“The Strangest Hand” by Alan25main
Curious about other poker formats? Ron G. Pittenger, known on Replay Poker as Alan25main, shares a personal story about the strangest hand he’s played. Read on to learn about Cincinnati poker and Ron’s experience with the game.
“The strangest hand I ever played was in 1987. We were in the Elks lodge. The game was Cincinnati high-low split with a consecutive declaration. The fixed limit bets were $1-$2-$3-$4-$4-$4. A half-pot was usually between $40 and $80. It was a tough game.
Cincinnati was dealt with five cards in the hand and five common cards on the board, and a player could use his best five card hand from the whole ten cards. Following the Eastern convention, the house rules didn’t count a straight or a flush as a low, so the lowest low was 6-4-3-2-A of two or more suits but ANYTHING could win low if you were unopposed. The house rules did allow a “both” declarer to tie for the pot, so it was possible to win all of one half and a share of the other, or even a share of both halves if both ways were tied.
The house’s one peculiar rule was the consecutive declaration. After the final bet was equalized, each surviving player declared high, low, or both verbally, in sequence beginning at the dealer’s left. This created some odd situations.
Just as an example, if you raised on the early streets, and found you arrived at the end with nothing but a bluff, you wanted to be one of the first two declarers. Whatever way the first guy went, you’d go opposite. Speculative players would go against the first guy rather than the “obviously strong” raiser. I stole a lot of half-pots that way. If you were really strong, you wanted to declare last so when everyone goes your way figuring you incorrectly, you can beat them and scoop the whole thing. I got lot of half-pots that way, too.
The players were Footie Valerie, Arthur DiGironemo, Ed Wilkins, Harold Seney, Carmen Magliolo, Franny Girouard, Ricky Gugliamo, and me. Sometimes, we’d play with a ninth guy, if another came but there wasn’t one that night. We usually started about 7:30 in the evening, and by 9 or 9:30, any casual new guys were usually gone.
Arthur was extremely tight, never showing strength unless he had the table crushed. He never lost much, but seldom won much, either. If he raised, we’d all quiet down and run away if we didn’t have a lock in one of the directions. He almost always went low. This evening, he had played four pots all evening and won them all. Arthur didn’t miss many; if he was in, he probably had a winner.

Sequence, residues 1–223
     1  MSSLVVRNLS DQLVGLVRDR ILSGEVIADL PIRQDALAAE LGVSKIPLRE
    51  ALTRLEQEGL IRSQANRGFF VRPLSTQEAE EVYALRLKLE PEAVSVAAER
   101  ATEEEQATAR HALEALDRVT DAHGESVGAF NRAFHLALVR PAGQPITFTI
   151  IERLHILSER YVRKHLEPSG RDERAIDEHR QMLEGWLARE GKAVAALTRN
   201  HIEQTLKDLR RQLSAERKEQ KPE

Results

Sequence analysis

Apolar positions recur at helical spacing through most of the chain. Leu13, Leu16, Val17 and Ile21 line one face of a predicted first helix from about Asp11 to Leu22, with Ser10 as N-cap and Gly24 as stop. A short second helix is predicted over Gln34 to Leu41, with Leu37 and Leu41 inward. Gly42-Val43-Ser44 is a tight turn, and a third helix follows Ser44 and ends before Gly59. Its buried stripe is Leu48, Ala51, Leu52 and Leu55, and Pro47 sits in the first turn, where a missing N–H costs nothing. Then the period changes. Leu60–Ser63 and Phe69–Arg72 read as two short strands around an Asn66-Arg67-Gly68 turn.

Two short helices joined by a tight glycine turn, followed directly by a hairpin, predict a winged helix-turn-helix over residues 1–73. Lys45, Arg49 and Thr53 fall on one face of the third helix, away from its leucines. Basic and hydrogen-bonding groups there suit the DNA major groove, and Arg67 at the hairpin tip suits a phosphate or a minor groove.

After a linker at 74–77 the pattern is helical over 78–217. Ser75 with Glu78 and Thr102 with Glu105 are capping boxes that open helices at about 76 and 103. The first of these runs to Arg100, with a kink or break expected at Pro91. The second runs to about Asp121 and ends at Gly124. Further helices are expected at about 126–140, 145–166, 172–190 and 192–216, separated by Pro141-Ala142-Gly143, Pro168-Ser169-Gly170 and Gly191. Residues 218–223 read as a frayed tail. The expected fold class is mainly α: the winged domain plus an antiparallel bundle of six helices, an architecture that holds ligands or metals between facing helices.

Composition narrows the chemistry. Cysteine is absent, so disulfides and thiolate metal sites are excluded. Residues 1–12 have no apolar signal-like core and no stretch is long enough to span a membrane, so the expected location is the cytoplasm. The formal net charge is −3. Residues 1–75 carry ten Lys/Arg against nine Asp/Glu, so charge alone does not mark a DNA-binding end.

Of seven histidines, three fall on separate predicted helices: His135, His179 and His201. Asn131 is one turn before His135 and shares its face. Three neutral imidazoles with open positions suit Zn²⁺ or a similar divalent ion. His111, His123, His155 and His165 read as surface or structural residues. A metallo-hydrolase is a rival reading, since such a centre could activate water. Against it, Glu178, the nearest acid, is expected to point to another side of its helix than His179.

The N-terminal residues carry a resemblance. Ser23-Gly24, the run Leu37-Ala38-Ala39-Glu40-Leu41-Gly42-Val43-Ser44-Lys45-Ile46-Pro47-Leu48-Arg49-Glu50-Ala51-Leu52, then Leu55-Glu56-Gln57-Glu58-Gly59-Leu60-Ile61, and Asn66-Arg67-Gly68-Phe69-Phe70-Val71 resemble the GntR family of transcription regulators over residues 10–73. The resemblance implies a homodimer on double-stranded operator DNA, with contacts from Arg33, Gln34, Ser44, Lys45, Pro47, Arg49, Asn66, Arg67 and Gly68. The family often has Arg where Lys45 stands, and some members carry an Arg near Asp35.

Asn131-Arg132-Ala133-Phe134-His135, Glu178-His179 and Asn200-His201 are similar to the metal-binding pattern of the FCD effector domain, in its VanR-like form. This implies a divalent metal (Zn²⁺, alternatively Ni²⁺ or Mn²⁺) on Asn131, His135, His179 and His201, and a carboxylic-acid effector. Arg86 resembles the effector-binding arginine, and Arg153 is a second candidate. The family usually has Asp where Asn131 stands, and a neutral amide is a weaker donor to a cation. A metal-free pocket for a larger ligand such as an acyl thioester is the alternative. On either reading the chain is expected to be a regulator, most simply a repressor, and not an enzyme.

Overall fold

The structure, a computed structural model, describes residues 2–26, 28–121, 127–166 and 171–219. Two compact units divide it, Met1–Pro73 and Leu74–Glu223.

A while later, I was seated at the dealer’s right. I looked at my cards. Q-Q-Q-6-6, cold in my hand. Footie made the $1 bet. Arthur raised to $2. After some thought, I raised to $3. Everyone had called. Footie made it $4, capping the bets for that round. We all called.
The first up card was a Jack.
On the next bet, it went exactly the same, but in increments of $2 this time. I think one guy folded, all the rest of us called the $8. I’m still feeling really strong with my Queens full.
The next up card was a medium spot card. Again, the betting repeated with multiples of $3. Another guy dropped, the rest of us all called the $12.
Another medium spot card and the bets were now capped at $16. Two more drops.
Still another medium spot card, with no pairs on board, not even two of a suit. Another capped round at $16. I’m still feeling proud of my Queens full of sixes. There’s not even an overcard to threaten me. Now, we were down to just the three of us, me, Footie, and Arthur. I’m figuring both of them for pat lows, leaving me all alone with the high half.
The final card was a small spot card that I thought would surely complete someone’s low hand, but wouldn’t mean anything to my high. Again, the bets were capped at $16, putting at least $320 in the pot. Now, it was time to declare.
“High,” announced Footie with his shark’s grin. He was sure he had a winner.
“High,” smiled Arthur right into him.
“Whoa! Time out!” I cried. Footie might be fooling around, or figuring me for a pat 6-4 low, but Arthur wasn’t. Arthur thought he had the goods.
“Gentlemen, this is respect. I thought I had a good hand. I’m going to reverse and take the low half. Queens full goes low.” I showed the cards and mucked them.
“Aces full,” said Footie.
“Four Jacks,” said Arthur. “You were supposed to go high, you rascal!” That was directed at me.
“I had to go low. Arthur. You’re too dependable not to respect.”
I was silently grateful Arthur hadn’t gone both, forcing me to go high.
By the way, this particular story is 100% true.”